Facebook targets an indirect path around China’s great wall. Blocked from operating there directly, the $520 billion social network is considering alternatives that include taking minority stakes in local tech firms, people familiar with the matter have told Breakingviews.
Politicians in Beijing and Washington may not like that idea. For Mark Zuckerberg’s firm, though, it’s probably the best option going.
China is a gaping hole in Facebook’s otherwise-global dominion. Its services were blocked in 2009, shortly after riots in China’s western Xinjiang province, and efforts to get back in have so far fallen flat.
The company does earn revenue from agents who represent Chinese advertisers looking to tap the network’s nearly 2.4 billion users, but the People’s Republic shows no signs of letting Facebook in. Setting up a China-friendly network tailored to China’s demands and censorship requirements would certainly create a backlash among U.S. politicians.
Without direct access, one option is to take a page from Yahoo’s playbook. The web portal’s co-founder Jerry Yang invested $1 billion in e-commerce company Alibaba in 2005 for a 40% stake. That didn’t save Yahoo from drifting off into oblivion – its main brand was sold off to Verizon Communications in 2017 for a relatively puny $4.5 billion.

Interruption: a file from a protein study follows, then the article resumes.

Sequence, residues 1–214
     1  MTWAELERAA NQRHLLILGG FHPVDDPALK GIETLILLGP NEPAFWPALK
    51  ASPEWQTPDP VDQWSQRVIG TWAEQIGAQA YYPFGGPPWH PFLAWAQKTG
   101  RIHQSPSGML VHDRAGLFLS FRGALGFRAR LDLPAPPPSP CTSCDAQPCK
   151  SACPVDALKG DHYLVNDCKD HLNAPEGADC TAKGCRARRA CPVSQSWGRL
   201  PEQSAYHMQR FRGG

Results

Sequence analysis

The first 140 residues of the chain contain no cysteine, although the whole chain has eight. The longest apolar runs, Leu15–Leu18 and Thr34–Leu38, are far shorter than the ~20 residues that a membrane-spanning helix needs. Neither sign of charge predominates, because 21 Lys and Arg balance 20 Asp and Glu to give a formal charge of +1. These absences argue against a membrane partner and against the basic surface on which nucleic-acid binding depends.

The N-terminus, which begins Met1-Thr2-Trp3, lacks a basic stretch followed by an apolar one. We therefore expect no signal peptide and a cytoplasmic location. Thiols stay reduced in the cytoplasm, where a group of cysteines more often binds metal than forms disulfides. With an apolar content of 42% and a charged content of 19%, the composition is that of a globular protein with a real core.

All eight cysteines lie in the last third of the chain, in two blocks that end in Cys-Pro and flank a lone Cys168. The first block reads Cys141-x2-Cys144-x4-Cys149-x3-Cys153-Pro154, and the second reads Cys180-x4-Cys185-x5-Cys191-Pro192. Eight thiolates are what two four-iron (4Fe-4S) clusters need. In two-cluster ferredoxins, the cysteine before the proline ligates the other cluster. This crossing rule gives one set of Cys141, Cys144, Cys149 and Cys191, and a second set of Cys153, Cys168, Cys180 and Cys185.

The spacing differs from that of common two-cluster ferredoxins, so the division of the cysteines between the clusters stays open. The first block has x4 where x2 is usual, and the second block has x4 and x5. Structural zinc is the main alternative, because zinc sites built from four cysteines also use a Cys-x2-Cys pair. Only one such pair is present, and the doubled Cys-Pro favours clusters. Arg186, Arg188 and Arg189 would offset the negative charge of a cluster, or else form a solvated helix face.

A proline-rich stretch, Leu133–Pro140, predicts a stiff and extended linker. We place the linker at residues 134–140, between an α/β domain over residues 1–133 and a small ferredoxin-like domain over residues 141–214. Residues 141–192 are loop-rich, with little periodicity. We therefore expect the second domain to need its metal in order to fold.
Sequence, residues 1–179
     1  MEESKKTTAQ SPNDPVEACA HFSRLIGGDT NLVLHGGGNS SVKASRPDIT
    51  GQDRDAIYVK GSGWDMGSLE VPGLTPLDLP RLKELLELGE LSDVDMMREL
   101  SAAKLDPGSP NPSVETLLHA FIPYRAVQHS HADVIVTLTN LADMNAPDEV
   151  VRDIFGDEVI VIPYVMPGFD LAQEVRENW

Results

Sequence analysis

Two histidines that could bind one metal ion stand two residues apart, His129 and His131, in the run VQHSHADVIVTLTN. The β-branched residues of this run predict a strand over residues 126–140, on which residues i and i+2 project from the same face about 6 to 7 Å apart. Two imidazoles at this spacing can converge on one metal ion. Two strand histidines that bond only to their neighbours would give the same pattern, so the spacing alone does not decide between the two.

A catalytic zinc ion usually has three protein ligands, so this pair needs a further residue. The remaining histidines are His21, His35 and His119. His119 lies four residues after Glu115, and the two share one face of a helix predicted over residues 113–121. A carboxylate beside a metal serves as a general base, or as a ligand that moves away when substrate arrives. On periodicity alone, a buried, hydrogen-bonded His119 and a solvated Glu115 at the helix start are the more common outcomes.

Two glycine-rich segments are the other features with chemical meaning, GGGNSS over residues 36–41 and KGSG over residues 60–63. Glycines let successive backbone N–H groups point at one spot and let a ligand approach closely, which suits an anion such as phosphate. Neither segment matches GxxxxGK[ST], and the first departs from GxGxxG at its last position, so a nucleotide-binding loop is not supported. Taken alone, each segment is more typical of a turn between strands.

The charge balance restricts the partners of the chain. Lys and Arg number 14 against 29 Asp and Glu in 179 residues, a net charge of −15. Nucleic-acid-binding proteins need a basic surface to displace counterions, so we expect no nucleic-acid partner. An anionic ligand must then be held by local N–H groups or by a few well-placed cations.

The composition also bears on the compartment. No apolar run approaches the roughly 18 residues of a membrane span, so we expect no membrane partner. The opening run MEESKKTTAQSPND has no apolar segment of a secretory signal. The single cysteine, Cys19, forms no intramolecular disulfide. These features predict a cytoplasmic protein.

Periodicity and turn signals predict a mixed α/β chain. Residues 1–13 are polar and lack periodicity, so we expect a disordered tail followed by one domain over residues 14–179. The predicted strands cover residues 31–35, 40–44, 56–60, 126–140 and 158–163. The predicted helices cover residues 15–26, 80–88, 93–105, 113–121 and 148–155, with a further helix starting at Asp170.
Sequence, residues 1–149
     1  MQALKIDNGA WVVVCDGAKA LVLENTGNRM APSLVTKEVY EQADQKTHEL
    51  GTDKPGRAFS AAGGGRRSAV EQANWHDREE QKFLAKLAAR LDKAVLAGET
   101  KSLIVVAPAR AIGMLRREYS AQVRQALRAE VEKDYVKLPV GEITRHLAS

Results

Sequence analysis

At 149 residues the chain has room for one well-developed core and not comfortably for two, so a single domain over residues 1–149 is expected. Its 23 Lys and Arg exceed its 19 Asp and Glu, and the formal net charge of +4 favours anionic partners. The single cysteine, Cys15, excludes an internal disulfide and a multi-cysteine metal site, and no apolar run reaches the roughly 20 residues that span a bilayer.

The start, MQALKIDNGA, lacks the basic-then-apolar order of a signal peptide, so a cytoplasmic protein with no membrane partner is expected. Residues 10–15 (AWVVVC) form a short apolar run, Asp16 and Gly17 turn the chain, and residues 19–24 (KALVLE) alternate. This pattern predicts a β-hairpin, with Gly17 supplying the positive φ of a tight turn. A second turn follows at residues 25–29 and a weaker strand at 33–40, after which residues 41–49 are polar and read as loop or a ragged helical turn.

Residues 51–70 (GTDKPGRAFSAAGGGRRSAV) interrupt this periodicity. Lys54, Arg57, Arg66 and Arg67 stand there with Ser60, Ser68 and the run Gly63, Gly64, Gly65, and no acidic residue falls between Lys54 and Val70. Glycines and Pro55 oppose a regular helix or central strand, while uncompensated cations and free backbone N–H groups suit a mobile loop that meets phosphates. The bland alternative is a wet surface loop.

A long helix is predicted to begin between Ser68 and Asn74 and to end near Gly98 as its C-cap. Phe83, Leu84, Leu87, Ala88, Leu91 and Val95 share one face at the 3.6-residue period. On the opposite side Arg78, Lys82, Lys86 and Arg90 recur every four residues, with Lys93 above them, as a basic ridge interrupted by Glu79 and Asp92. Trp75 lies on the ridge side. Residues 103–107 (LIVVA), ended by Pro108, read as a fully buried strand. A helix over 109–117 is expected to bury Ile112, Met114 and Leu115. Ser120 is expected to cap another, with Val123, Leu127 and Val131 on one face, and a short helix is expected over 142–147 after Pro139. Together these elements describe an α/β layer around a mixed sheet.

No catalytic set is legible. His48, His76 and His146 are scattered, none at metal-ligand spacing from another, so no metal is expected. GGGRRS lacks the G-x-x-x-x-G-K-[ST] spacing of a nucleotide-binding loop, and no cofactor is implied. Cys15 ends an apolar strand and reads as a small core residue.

But the investment was Yang’s savviest move. The remaining stake in Alibaba, now being disposed of by holding company Altaba, is worth roughly $50 billion based on the share price at Tuesday’s close.
Facebook has discussed potential minority stakes with investment funds and other companies, according to people familiar with the matter, though it is moving slowly and has yet to make any decisions.
Zuckerberg would be entering a more competitive market than Yahoo did back in the day, and politicians on both sides might take issue at the idea of Facebook extending its reach into the People’s Republic.
Still, it’s getting harder for Facebook to find growth in markets it already inhabits. The regulatory environment is hostile in its main money-making regions of North America and Europe.
As the owner of image-sharing app Instagram and messaging service WhatsApp, future acquisitions will bring tough scrutiny. It’s easy to see why Zuckerberg would want to renew his quest to crack a market of 1.4 billion people, even if it means going in small.